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Study Shows Racial Wealth Gap Grows Wider

There's long been a big gap between the wealth of white families and the wealth of African-Americans and Hispanics. But the Great Recession has made it much worse — the divide is almost twice what it used to be.

That's according to a new study by the Pew Research Center, which says that the decline in the housing market is the main cause.

The numbers are astounding. The median wealth of a white family in 2009 was 20 times greater than that of the average black family, and 18 times greater than the average Hispanic family. In other words, the average white family had $113,149 in net worth, compared to $6,325 for Hispanics and $5,677 for blacks.

That's the largest gap since the government began collecting the data a quarter of a century ago, and twice what it was before the start of the Great Recession.

Real Estate Downturn

Rakesh Kochhar, one of the authors of the report, says white households went into the recession in a much stronger position and, as a result, were better able to weather the storm.

One reason was investment in real estate. Minority families had most of their wealth in their homes, so when the housing bubble burst, Kochhar says, those households took a bigger hit.

"Especially Hispanics, for example. Sixty-six percent of their net worth derives from home equity," Kochhar says. "And they are concentrated geographically in parts of the country such as California, Arizona, Florida and Nevada, where the housing downturn was most severe."

The result is that the average Hispanic family lost two-thirds of its wealth between 2005 and 2009, according to the Pew report. Black families lost more than half of theirs.

White households, on the other hand, were more diversified. They had a greater share of their money in stocks, mutual funds and pensions. They lost wealth, but only about 16 percent on average.

Lingering Effects Of The Recession

But there were other factors at work, too.

Take Helena Edwards of San Francisco. Two years ago, she found herself, her partner and three children facing eviction from an apartment. Their landlord had foreclosed on the property, but didn't tell them. Edwards, who is African-American, was able to eventually buy a home with the help of a nonprofit group called EARN, which promotes savings by low-income families.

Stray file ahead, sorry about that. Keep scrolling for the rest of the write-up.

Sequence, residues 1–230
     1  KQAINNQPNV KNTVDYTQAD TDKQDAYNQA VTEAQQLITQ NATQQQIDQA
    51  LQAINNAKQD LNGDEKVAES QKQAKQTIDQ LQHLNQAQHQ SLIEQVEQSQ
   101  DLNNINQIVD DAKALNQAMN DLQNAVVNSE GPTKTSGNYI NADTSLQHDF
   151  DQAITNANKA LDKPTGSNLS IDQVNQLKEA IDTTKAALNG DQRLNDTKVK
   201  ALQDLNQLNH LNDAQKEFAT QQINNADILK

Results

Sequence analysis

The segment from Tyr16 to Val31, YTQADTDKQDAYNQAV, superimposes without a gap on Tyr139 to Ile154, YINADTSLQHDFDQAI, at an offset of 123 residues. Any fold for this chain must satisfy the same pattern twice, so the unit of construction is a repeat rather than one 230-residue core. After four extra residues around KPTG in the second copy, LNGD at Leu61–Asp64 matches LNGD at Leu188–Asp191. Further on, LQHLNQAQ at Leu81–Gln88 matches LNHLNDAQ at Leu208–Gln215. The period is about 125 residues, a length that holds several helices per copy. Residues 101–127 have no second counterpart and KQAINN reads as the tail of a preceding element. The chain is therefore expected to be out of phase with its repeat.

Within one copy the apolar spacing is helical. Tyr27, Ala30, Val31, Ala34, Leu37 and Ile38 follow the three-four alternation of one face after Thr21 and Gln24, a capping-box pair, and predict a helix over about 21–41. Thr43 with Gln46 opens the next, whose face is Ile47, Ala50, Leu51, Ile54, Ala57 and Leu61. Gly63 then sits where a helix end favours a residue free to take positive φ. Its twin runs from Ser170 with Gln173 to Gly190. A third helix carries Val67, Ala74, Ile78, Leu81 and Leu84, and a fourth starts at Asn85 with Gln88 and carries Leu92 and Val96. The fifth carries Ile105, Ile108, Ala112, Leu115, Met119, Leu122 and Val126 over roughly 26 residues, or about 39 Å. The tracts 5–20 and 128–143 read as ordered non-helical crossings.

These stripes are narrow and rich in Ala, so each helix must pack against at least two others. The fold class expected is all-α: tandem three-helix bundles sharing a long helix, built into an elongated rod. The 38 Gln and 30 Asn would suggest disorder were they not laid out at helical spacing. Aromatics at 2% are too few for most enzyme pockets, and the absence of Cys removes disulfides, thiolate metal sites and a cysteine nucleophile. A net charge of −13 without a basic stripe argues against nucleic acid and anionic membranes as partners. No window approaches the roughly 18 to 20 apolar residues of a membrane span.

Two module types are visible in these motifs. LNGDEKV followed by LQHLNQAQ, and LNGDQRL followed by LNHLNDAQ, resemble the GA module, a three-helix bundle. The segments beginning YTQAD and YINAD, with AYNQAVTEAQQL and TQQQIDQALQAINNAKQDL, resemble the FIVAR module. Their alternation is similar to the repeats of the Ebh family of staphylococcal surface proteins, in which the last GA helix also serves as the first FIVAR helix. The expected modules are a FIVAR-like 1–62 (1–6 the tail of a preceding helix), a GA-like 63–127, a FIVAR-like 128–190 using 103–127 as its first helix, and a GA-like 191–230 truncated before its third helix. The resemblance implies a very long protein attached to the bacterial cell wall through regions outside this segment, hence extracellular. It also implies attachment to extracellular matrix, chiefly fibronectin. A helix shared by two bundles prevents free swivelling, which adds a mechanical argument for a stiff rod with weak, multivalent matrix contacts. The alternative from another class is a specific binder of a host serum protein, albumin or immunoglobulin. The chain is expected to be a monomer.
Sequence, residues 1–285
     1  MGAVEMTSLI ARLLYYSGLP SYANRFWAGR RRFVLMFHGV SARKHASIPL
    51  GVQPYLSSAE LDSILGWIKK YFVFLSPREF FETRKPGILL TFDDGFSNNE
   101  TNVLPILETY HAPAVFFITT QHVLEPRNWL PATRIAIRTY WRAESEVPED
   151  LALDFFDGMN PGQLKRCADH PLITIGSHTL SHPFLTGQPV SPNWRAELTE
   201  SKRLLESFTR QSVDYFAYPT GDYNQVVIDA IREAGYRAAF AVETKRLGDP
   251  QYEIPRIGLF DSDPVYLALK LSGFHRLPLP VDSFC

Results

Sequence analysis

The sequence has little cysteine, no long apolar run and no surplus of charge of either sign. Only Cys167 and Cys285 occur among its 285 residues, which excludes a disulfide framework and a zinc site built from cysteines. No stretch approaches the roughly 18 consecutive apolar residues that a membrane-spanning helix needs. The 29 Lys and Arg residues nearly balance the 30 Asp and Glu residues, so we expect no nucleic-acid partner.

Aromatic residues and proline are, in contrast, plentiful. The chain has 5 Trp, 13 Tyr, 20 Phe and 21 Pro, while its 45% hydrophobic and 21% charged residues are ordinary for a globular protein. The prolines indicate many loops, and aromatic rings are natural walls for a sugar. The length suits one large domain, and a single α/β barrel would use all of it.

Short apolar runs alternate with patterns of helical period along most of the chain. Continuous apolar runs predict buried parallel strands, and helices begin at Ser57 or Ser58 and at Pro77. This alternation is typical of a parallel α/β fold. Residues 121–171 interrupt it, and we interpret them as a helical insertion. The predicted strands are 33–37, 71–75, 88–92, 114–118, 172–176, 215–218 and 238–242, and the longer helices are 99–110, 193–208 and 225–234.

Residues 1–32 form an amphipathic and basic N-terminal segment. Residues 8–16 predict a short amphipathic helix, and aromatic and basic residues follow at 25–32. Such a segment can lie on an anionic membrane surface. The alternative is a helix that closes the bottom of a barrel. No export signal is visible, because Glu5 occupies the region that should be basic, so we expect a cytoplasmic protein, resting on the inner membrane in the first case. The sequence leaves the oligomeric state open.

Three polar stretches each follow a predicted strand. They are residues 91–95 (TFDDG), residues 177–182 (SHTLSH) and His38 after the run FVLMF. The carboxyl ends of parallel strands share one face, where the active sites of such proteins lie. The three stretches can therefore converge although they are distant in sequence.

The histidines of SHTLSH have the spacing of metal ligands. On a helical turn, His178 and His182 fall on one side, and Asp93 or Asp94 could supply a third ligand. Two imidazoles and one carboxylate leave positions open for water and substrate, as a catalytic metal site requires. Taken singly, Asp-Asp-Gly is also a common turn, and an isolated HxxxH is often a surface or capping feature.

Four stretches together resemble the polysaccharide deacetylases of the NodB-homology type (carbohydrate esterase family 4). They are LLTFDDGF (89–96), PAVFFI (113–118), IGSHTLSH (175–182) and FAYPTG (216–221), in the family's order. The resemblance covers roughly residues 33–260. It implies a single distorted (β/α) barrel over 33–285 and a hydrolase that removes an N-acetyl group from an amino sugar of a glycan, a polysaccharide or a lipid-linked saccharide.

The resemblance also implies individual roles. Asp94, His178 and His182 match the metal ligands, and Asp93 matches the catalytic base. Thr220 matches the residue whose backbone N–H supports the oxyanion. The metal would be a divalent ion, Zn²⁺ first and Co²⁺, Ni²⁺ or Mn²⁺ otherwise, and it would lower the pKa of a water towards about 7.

But she says it's not easy balancing all of her bills. Her partner lost his job, and she had her pay and health benefits cut back because of the economic downturn.

"Am I able to save $5 a month? Not really no more. Do I still live paycheck to paycheck with the house? I still live paycheck to paycheck with the house," Edwards says.

Kochhar says Hispanics and African-Americans are far more likely to be unemployed because of the recession, and that has put an additional strain on assets. It means tapping into savings and pension funds, or going into debt just to make ends meet.

As a result, about a third of black and Hispanic households had zero or negative net worth at the end of the recession in 2009. That's twice the level of white families.

Tom Shapiro of Brandeis University, who has studied the racial wealth gap for years, says he's concerned about the long-term impact. He thinks the wealth gap will likely grow even more, unless the economy turns around soon.

"If a family doesn't have enough for a safety net for itself, it can't think about moving forward or moving ahead," he says.

That means fewer resources for things like education or buying a house or starting a business. Shapiro says that only puts the average minority family further behind, and less able to weather the next economic storm.

It's a cycle Edwards hopes to break by scraping together the money for her mortgage payments. She wants to pass her house on to her daughter, so her daughter has the head start Edwards never had.

Copyright 2023 NPR. To see more, visit https://www.npr.org.

Pam Fessler is a correspondent on NPR's National Desk, where she covers poverty, philanthropy, and voting issues.